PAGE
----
Tuesday, 6 March 2012

Writing your Terms of Business

Phew, this week has been a busy one. I've just got back from a few days in Italy visiting my sister and I'm now back in the swing of things and have been working hard trying to get more preparation done for my Trade Fair. One of the jobs that has needed doing for a while has been writing out my Terms of Business or Terms and Conditions, and this is a job that I've been putting off, as, quite frankly, I didn't really know where to begin.

I decided to call out for help (via Twitter) to see if anyone could help me... I must say I was bowled over by the help and support I received. I'd especially like to give a shout out to the lovely Madeline Norris, Becca Williams and also Linda from The Art Room Gallery in Garstang, Lancs. Thanks ladies, I really appreciate your help.

So what kind of things do you need to think about for your Terms of Business as an artist/designer? Well, this time two days ago I had no clue but after a bit of research and help from fellow tweeters I came up with the following categories. Again, as with my SOR agreement, this is not a definitive list, I may have left out some huge clause, leaving myself wide open to scandalous goings on, but I simply will share with you what I have put together in the hope it might help someone else out:

Stating general info such as VAT status, who owns the images, do not repoduce without prior consent etc.

Prices and Payment:
Where your prices are detailed, how you will invoice the customer, how you would like to be paid (PayPal, cheque, BACS), and also that you reserve the right to review your prices every now and again. I've opted for orders to be paid in advance, once order confirmation has been received I will send out a pro-forma invoice, stating total to be paid, and that this must be paid in full before I despatch good unless we agree otherwise.

This part is just to state what how long the customer has to change their mind, what happens if they cancel, and what happens if they cancel after the stated time (ie will they be charged a % of total owed). For large orders you may have already started making the stock and will not want to be out of pocket.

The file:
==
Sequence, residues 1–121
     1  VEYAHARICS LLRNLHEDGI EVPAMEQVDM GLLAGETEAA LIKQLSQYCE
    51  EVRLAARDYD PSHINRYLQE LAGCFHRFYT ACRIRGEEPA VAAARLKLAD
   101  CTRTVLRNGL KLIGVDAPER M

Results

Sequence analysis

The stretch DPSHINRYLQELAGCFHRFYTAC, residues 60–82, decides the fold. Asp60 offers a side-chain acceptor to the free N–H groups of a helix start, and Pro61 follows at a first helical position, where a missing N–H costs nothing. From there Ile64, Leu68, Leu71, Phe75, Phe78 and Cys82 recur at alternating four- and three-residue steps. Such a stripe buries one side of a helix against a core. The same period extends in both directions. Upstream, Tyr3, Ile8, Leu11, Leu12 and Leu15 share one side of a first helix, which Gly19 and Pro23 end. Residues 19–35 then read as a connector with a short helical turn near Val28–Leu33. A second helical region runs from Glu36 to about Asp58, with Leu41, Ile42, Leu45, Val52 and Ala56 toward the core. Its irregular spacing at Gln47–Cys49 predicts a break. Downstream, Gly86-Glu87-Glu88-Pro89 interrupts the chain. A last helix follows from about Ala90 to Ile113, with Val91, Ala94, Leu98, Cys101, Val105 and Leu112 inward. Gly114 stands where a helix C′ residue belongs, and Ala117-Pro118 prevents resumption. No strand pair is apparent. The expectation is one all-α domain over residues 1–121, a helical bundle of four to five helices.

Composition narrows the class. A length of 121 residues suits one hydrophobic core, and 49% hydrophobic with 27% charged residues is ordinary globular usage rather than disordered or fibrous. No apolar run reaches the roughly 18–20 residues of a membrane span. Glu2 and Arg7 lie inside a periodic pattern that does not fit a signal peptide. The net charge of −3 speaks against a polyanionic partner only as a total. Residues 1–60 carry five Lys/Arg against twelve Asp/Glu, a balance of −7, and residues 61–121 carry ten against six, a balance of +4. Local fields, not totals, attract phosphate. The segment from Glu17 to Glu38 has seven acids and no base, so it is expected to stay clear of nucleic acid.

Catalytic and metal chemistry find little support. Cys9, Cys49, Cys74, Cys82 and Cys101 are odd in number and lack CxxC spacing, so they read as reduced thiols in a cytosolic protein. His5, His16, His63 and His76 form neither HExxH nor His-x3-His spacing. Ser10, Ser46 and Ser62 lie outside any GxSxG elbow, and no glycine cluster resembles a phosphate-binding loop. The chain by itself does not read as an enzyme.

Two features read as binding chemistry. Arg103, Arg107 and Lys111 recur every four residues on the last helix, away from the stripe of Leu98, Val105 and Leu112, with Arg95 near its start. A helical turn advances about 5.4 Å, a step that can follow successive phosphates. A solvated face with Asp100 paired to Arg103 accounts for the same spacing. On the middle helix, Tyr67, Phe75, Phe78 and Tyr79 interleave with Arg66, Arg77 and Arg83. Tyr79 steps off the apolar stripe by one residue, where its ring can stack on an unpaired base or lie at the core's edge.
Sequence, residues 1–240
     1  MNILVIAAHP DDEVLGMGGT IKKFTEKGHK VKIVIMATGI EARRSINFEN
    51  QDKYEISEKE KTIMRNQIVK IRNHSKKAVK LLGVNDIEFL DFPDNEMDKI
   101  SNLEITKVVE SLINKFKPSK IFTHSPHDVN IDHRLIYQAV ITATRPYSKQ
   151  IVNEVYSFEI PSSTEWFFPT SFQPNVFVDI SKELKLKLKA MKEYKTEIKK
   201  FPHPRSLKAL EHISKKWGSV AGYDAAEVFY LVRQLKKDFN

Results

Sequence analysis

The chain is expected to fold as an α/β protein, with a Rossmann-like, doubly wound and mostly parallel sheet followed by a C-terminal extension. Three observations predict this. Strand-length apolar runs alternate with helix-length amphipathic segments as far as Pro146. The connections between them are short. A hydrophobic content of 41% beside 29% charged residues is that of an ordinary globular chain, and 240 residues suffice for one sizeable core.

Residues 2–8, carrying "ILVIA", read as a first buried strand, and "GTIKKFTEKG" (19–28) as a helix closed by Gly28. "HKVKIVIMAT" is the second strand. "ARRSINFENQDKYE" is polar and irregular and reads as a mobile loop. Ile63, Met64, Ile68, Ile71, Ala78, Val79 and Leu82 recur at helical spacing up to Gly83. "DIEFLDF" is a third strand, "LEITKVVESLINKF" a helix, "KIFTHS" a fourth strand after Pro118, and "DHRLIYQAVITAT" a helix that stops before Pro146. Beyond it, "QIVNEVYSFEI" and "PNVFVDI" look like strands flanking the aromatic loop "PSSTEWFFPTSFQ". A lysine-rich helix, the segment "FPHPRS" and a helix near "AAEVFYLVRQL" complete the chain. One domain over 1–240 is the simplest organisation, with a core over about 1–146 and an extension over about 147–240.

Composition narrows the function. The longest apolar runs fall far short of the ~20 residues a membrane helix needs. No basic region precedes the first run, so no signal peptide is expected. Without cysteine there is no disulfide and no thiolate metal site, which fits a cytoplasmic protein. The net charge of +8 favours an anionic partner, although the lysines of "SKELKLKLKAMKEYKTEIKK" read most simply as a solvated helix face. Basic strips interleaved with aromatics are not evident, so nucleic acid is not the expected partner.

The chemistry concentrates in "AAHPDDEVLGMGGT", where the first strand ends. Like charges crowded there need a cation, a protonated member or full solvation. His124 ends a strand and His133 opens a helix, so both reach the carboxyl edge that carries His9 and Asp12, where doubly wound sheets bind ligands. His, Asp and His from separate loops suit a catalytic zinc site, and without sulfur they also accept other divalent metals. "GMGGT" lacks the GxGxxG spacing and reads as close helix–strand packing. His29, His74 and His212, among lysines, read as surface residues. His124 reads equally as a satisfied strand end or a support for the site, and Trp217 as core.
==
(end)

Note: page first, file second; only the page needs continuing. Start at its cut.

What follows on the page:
In this section I covered expected delivery times, reiterating again that orders will not be despatched until payment has been received, how postage will be charged (ie on sliding scale or blanket charge (the Post Office do a couple of really good leaflets on postage charges and also Parcel Force prices, worth checking out), whether you are giving the buyer a 'free postage on orders over £x' option, and also how you will ship (next day, recorded, first class etc). I also mentioned I cannot be held responsible for delays in transit.

Returns and Damages:
Here you need to state what your returns policy is, who is responsible for shipping costs, when you can and cannot return good etc.

You get my drift? I'd been putting this off for ages, due to feeling completely clueless, but I got there in the end, with a bit of help, research and determination.

Another job done.... Tick!!


  1. Great post, I have had to do something similar for my .com website. I was advised that I must have disclaimers about anyone who visited and was a minor, also links disclaimers and copyright terms. Originally I got a friend to write them, but it was so long winded that I recently re-wrote it to be more user friendly.

    Didn't know until I read this post that you need them for trade fairs too!

    Michele x

  2. Thank you! I will be doing my first trade fair in a few weeks..............really helpful info!

  3. you are welcome Kath, pleased to be able to help


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